Two defendants arrested for distribution of controlled substances through sham internet pharmacy
NEW YORK – Valerie A. Nickerson, Special Agent in Charge of the Drug Enforcement Administration’s New Jersey Division, Geoffrey S. Berman, the United States Attorney for the Southern District of New York, and Judy Ramos, the Acting Inspector in Charge of the New Jersey Office of the United States Postal Inspection Service (USPIS), announced today that Evelin Bracy and Jorge Rodriguez-Lopez were arrested and charged in Manhattan federal court with conspiracy to distribute controlled substances, including oxycodone, hydrocodone, and more than 40 grams of the fentanyl analogue U-47700, distribution of controlled substances over the Internet, and conspiracy to commit money laundering, in connection with a large-scale drug distribution operation purporting to be an online pharmacy.
U.S. Attorney Geoffrey S. Berman said, “As alleged, Evelin Bracy and Jorge Rodriguez Lopez distributed controlled substances to individuals throughout the United States as part of a drug trafficking organization that sold pharmaceuticals through a website purporting to be an online pharmacy. Bracy and Rodriguez-Lopez allegedly conspired to distribute oxycodone, hydrocodone, and a fentanyl analogue, and laundered hundreds of thousands of dollars in narcotics trafficking proceeds. Thanks to the outstanding investigative work of the DEA and USPIS, these two defendants are now facing prosecution.”
DEA Special Agent in Charge Valerie Nickerson said, “The two individuals arrested allegedly have been distributing powerful narcotics not just in New Jersey, but across the United States, based on orders place through a supposed online pharmacy. This very profitable, alleged illegal endeavor has come to an end thanks to the hard work of the men and women of the DEA and the USPIS. Whether on a street corner or in cyberspace, we will continue to pursue those pushing these drugs in our communities.”
USPIS Acting Inspector in Charge Judy Ramos said, “Postal Inspectors, federal prosecutors and our law enforcement partners have diligently worked to identify and disrupt the activities of an online pharmacy suspected of peddling illegal pills and money laundering. Postal Inspectors will continue to tirelessly investigate these types of crimes that utilize the U.S. Postal Service to facilitate illicit transactions.”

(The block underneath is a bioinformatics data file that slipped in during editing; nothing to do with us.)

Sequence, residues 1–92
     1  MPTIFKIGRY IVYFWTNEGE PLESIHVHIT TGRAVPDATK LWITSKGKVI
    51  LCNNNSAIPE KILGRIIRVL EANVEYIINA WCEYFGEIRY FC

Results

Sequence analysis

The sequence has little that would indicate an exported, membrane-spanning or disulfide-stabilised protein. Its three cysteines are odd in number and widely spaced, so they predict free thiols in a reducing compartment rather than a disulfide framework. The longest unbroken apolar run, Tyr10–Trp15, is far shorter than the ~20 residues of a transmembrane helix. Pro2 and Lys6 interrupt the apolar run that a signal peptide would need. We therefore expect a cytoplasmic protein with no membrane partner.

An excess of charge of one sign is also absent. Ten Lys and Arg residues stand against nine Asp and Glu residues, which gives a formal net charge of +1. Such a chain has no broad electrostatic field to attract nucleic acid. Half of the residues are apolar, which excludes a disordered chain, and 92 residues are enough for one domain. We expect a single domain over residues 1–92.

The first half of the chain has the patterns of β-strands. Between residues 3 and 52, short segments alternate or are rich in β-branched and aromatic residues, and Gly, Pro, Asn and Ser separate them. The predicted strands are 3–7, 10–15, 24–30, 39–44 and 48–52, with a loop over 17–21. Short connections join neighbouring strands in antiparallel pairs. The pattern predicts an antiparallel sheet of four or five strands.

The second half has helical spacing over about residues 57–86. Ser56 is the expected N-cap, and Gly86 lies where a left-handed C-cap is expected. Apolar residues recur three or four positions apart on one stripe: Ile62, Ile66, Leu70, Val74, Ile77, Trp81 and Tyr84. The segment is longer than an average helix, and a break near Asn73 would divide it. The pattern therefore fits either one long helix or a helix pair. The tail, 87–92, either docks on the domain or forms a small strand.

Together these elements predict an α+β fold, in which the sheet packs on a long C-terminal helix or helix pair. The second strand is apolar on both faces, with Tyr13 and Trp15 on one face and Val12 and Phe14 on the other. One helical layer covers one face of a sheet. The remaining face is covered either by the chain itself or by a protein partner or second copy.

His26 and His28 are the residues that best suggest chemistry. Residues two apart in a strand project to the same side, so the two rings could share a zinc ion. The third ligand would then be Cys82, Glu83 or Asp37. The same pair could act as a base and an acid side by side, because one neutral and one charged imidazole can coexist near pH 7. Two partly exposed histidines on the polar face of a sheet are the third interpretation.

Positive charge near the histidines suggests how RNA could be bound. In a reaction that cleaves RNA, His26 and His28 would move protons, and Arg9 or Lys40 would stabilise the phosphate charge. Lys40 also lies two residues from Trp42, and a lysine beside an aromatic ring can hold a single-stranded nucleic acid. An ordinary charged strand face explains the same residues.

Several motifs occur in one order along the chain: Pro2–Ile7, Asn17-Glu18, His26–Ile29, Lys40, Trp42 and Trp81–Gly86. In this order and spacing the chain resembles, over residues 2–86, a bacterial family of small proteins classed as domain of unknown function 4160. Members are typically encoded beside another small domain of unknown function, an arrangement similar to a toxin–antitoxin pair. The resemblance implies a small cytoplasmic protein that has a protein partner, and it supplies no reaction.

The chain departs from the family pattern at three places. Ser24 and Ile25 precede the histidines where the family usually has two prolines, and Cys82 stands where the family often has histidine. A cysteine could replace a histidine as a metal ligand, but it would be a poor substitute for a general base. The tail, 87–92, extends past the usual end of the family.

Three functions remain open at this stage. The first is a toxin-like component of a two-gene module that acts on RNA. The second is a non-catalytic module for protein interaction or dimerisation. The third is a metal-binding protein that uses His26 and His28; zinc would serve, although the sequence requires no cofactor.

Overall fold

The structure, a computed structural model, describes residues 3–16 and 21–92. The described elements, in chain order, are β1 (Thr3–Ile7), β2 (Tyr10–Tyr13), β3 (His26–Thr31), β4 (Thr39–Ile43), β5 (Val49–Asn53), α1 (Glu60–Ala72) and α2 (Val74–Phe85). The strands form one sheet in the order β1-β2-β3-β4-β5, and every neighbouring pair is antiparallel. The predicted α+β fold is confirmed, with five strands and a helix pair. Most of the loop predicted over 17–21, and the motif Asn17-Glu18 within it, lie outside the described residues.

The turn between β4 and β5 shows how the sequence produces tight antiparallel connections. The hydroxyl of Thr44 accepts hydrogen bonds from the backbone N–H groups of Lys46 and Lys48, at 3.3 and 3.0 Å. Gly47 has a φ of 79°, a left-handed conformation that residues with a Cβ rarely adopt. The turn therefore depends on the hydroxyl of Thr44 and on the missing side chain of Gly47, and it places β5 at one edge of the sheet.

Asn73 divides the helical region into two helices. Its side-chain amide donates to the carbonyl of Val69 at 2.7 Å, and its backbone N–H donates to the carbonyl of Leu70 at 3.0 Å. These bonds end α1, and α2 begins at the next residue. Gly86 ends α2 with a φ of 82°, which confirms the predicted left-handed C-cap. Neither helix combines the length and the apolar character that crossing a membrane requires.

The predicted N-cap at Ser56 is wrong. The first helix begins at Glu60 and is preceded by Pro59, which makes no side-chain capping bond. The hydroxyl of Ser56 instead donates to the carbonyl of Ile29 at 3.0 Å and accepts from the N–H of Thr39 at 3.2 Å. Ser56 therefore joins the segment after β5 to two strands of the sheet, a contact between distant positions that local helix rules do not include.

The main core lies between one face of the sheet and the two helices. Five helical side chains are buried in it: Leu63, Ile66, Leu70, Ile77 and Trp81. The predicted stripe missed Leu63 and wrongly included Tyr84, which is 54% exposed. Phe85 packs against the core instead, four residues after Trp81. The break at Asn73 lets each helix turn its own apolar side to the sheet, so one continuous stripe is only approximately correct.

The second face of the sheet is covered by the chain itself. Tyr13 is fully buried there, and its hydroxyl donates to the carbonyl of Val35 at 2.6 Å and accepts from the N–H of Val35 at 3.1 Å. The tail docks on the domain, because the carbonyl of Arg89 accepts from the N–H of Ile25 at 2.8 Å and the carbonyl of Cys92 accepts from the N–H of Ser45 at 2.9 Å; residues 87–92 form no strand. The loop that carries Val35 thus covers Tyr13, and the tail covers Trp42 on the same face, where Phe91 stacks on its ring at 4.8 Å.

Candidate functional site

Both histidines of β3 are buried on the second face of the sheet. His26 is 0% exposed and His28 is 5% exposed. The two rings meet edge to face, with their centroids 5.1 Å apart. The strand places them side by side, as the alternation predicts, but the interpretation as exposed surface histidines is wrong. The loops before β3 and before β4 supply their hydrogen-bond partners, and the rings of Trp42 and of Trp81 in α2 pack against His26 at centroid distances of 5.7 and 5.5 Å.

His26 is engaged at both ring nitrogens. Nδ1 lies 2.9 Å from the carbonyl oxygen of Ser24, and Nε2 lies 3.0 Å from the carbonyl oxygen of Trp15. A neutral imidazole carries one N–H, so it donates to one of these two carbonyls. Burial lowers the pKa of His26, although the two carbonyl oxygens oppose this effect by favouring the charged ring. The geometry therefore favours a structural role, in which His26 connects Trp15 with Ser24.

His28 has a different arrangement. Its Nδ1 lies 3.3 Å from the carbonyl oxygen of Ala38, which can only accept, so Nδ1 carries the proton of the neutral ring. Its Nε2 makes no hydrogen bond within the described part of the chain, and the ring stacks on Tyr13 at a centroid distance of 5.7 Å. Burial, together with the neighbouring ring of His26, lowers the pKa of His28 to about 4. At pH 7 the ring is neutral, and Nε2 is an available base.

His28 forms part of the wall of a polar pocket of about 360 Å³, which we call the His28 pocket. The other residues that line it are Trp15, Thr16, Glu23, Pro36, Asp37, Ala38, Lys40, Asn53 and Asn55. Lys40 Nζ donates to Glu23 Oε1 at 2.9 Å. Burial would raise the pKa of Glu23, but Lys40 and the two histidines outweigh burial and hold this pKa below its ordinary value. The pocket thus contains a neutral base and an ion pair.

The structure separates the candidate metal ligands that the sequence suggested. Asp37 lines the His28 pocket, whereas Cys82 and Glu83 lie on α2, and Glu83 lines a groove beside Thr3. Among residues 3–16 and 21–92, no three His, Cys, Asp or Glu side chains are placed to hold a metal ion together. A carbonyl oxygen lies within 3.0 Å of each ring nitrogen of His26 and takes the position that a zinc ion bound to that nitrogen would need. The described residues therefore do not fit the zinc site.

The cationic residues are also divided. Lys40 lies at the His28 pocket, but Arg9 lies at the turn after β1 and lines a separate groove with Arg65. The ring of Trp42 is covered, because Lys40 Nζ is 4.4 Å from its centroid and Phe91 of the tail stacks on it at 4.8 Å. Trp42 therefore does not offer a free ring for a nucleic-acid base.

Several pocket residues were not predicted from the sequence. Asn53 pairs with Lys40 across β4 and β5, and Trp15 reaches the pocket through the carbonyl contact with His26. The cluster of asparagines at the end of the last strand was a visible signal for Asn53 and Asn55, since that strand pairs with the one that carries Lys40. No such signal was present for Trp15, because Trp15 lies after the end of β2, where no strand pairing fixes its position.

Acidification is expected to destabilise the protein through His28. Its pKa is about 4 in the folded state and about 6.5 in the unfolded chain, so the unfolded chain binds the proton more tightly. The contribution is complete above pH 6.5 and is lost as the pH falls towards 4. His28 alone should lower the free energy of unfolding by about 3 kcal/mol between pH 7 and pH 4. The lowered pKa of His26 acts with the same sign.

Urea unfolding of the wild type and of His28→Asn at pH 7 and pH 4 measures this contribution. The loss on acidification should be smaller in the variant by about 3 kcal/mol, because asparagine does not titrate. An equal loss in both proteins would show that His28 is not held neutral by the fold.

Law enforcement agents began investigating an online pharmacy website (the “Pharmacy Website”) following an overdose death of a victim in Boise, Idaho, on or about March 17, 2017, whose death was caused by elevated levels of multiple prescription opioids as well as fentanyl. The victim’s computer showed that he had repeatedly ordered painkillers from the Pharmacy Website, and that he had wired thousands of dollars to a bank account in connection with these purchases. Law enforcement subsequently discovered that this bank account was being used by Bracy and Rodriguez-Lopez. Bank accounts show that Bracy had received over $750,000 in apparent narcotics proceeds, and that Bracy and Rodriguez-Lopez have withdrawn hundreds of thousands of dollars in cash from these accounts, and have also used these bank accounts to pay for costs associated with the drug distribution operation, including the costs of shipping controlled substances.
In the course of the investigation, undercover law enforcement agents conducted multiple purchases of controlled substances from the Pharmacy Website, and received instructions to send payment for these drugs to Bracy and Rodriguez-Lopez. The substances purchased by undercover law enforcement agents included substances that tested positive for oxycodone and hydrocodone.
The investigation has revealed that in some cases customers purchased what they believed to be prescription drugs such as alprazolam or oxycodone from the Pharmacy Website, but instead received pills containing other substances. In the course of the investigation, law enforcement agents seized a package that had been sent to Rodriguez-Lopez, and recovered over 200 pills weighing over 40 grams. These pills tested positive for U-47700, which is a fentanyl analogue listed on Schedule I.
Bracy 34, and Rodriguez-Lopez , 32, who both reside in New Brunswick, New Jersey, have each been charged with one count of conspiracy to distribute controlled substances including at least 40 grams of the fentanyl analogue U-47700, which carries a maximum sentence of 40 years in prison and a mandatory minimum sentence of five years in prison, one count of distribution of controlled substances over the Internet, which carries a maximum sentence of 40 years in prison and a mandatory minimum sentence of five years in prison, and one count of conspiracy to commit money laundering, which carries a maximum sentence of 20 years in prison.
U.S. Attorney Berman praised the investigative work of the Tactical Diversion Squad of the DEA New Jersey Division and USPIS in this investigation.